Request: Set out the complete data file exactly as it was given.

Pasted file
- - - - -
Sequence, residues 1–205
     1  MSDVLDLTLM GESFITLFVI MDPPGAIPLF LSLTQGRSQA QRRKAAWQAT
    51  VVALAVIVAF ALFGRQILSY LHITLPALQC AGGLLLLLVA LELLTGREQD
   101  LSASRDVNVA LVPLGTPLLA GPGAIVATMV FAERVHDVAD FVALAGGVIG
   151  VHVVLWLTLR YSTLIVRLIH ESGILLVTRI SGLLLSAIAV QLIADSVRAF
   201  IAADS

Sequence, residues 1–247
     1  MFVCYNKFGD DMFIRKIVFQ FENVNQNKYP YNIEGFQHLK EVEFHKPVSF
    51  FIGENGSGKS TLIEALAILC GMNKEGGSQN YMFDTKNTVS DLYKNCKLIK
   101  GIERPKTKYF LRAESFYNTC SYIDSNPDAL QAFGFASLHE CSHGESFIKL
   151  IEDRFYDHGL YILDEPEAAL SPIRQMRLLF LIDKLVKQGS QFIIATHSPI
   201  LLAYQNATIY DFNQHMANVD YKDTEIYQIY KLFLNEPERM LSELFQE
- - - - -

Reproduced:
Sequence, residues 1–205
     1  MSDVLDLTLM GESFITLFVI MDPPGAIPLF LSLTQGRSQA QRRKAAWQAT
    51  VVALAVIVAF ALFGRQILSY LHITLPALQC AGGLLLLLVA LELLTGREQD
   101  LSASRDVNVA LVPLGTPLLA GPGAIVATMV FAERVHDVAD FVALAGGVIG
   151  VHVVLWLTLR YSTLIVRLIH ESGILLVTRI SGLLLSAIAV QLIADSVRAF
   201  IAADS

Sequence, residues 1–247
     1  MFVCYNKFGD DMFIRKIVFQ FENVNQNKYP YNIEGFQHLK EVEFHKPVSF
    51  FIGENGSGKS TLIEALAILC GMNKEGGSQN YMFDTKNTVS DLYKNCKLIK
   101  GIERPKTKYF LRAESFYNTC SYIDSNPDAL QAFGFASLHE CSHGESFIKL
   151  IEDRFYDHGL YILDEPEAAL SPIRQMRLLF LIDKLVKQGS QFIIATHSPI
   201  LLAYQNATIY DFNQHMANVD YKDTEIYQIY KLFLNEPERM LSELFQE